07/28/2011 1:16PM

Haskell gets hometown hero Breen at his peak

Barbara D. Livingston
The connections of Belmont winner Ruler On Ice, from left, owners George and Lori Hall, trainer Kelly Breen, and jockey Jose Valdivia Jr. Ruler On Ice returns in Sunday's Haskell.

He thought he had arrived. Kelly Breen, just 23 at the time, had won twice at the Meadowlands with Contarido and now was sending the horse to New York for his first starter on the other side of the Hudson River. Contarido came through, winning under Julie Krone. Breen had made it there. He could make it anywhere.

Breen excitedly phoned everyone he knew – his parents, his friends – imploring them to watch that night’s edition of “Thoroughbred Action,” the replay show that was hosted by the popular Harvey Pack.

Just before Pack threw his program, his signature sign off, he gave a shout out to Breen.

“She knows how to read a condition book,” Breen remembers Pack saying.

Not long after, Breen started listing himself in the program as Kelly John Breen, just so there would be no confusion. And after the success Breen has had in recent years, topped by a win in New York last month in that state’s biggest race, the Belmont Stakes, they know who he is now.

Breen, 42, has been one of the top trainers at Monmouth Park for a decade, but his stock has risen dramatically since he teamed with owners George and Lori Hall, who have employed Breen as their private trainer for four years. The Belmont win by Ruler On Ice was the high point of their racing careers, and it came a little more than two months after they won the Louisiana Derby with Pants On Fire.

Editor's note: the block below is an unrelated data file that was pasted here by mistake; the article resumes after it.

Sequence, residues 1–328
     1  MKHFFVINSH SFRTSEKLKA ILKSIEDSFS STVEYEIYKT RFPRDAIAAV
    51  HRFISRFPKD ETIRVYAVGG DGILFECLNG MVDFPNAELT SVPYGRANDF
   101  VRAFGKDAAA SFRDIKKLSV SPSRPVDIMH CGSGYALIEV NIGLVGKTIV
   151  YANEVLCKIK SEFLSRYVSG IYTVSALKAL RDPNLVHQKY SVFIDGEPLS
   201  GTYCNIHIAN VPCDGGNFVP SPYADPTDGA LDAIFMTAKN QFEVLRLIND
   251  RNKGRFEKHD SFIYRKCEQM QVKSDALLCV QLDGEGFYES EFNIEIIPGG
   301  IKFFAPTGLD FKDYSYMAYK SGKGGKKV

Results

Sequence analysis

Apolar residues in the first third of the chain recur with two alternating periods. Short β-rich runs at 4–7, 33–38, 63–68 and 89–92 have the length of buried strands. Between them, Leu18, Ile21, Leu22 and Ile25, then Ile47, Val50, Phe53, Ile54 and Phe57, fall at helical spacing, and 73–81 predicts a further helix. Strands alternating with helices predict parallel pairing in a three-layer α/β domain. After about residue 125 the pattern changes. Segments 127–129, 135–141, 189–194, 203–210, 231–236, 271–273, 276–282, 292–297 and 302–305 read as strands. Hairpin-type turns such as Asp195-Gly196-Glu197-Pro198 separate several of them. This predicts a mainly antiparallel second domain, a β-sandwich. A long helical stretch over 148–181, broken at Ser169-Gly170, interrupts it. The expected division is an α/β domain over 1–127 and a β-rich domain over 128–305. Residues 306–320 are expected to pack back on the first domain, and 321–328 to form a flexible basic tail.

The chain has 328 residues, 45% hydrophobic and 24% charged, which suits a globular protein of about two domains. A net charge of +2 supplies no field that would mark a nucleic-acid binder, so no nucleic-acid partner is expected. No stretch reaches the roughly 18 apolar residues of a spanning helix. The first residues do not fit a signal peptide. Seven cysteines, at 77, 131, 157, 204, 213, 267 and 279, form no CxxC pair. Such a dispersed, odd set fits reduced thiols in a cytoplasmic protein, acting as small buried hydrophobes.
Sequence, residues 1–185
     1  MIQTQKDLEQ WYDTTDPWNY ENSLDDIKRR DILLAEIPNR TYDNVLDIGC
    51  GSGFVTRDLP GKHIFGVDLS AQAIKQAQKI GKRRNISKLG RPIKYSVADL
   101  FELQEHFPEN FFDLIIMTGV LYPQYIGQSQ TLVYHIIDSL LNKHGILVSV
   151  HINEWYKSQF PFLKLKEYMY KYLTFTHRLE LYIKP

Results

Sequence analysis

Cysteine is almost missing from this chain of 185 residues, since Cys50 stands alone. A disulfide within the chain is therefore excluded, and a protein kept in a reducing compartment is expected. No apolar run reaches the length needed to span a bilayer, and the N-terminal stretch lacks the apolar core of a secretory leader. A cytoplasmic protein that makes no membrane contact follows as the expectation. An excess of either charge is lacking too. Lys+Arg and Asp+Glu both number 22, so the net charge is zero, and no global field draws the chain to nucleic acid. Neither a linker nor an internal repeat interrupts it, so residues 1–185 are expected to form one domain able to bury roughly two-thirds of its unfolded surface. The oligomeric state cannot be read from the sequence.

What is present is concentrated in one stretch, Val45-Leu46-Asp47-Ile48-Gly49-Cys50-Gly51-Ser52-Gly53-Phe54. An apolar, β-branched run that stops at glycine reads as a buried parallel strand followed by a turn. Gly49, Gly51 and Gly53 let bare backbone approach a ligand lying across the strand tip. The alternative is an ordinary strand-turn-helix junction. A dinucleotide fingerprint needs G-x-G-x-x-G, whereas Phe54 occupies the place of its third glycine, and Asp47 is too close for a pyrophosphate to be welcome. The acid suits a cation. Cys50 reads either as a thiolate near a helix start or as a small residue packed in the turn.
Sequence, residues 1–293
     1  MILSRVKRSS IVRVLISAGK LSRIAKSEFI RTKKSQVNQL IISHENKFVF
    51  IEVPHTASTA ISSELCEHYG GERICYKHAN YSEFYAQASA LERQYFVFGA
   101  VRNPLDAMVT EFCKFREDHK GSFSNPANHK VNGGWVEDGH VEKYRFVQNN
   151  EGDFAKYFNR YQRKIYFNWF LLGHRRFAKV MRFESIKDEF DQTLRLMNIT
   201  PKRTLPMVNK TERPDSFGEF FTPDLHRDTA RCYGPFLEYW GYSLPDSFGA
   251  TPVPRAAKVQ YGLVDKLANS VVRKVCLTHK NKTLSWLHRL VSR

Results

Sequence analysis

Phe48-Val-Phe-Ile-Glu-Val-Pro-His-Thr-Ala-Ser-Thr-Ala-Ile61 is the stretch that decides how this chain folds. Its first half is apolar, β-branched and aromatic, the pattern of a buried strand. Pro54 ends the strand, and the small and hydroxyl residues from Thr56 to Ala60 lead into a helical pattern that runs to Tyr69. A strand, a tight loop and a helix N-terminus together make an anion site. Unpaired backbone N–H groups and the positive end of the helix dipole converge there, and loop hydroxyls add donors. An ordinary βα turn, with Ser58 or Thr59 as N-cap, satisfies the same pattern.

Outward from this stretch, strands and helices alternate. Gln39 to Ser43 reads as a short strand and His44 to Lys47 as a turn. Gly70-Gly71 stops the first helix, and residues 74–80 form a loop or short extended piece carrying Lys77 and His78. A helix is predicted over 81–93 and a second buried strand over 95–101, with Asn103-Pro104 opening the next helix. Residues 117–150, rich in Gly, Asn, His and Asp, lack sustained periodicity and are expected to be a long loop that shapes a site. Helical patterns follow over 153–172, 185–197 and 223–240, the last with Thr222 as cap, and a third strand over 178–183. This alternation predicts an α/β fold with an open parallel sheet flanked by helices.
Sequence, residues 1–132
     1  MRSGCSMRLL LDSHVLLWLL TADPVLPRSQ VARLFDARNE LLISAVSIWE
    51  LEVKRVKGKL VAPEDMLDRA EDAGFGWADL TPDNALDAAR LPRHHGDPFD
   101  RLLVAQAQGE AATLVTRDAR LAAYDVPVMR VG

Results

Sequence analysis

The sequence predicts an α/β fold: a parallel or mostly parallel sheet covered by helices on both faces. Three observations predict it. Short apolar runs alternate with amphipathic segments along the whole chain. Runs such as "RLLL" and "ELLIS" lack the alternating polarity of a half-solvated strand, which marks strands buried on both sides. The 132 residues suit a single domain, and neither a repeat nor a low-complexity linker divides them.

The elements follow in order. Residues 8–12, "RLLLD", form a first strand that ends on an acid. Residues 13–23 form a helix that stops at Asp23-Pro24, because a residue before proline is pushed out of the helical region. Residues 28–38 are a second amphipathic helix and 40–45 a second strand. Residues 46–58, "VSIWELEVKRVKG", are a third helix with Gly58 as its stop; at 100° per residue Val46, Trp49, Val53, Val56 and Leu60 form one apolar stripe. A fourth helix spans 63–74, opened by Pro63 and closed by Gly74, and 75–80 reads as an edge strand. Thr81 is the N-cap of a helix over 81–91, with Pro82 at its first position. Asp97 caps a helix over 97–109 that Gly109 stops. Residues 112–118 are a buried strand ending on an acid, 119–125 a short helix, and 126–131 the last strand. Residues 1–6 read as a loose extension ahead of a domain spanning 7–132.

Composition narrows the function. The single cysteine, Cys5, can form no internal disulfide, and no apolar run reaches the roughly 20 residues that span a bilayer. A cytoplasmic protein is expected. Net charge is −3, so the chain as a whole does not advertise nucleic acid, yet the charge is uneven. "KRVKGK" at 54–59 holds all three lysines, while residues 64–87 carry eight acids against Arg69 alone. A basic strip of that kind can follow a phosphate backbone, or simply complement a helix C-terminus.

On Sunday, the appropriate apex of their association will take place when they send out both Ruler On Ice and Pants On Fire in the Grade 1, $1 million Haskell Invitational at Monmouth, the track where Breen first attended as a youth, got his first job on the racetrack, and is based in the summer, in a spotless, well-manicured barn that abuts the backstretch.

“It’s amazing to have one legitimate contender in the race, let alone two,” Breen said. “I used to come here on Haskell day just to get the hat they gave away. As a trainer, I’d always want to try to win a race on Haskell day, just something on the undercard. And now we’re in the Haskell with two horses. It’s hard to put into words.”

The two are known as Fire and Ice, but their names hardly reflect their personalities. Ruler On Ice is a nutcase. He’d be a candidate to be gelded − if he wasn’t so already.

“He has his quirks, but we’ve learned to deal with them,” Breen said. “In the middle of the afternoon, he’ll just spaz out, have a bucking frenzy, and act like a fool. We do things to try to keep him cool − give him food, keep his mind occupied, walk him a turn or two around the barn. Anything to settle him down.”

Breen grew up only minutes from Monmouth Park, in Old Bridge, in a middle-class family that had no racing ties other than the passion his father, Jackie, a construction worker, had for handicapping.

“We weren’t high-tech on the computer,” Breen said. “We’d just buy the Form the day before and bet a couple of dollars each race.”

But Breen was smitten by horses and the racetrack. He learned to ride hunter-jumpers at a local riding academy, then got a job as an exercise rider at age 16 with the top trainer at the time at Monmouth, Walter Reese, after Breen’s father approached Reese’s assistant, Tony Puglisi.

“They protected me at first,” Breen said. “They didn’t put me on the crazy ones.”

After stints with Reese, John Forbes, and Ben Perkins Sr., Breen went out on his own as a trainer for good in 2000, two years after marrying his wife, Melissa, with whom he has two children, Tiffany, 11, and Kelly Jr., 7.

Breen still gallops a few horses each morning and spends the rest of training hours accompanying sets of horses to the track on his pony.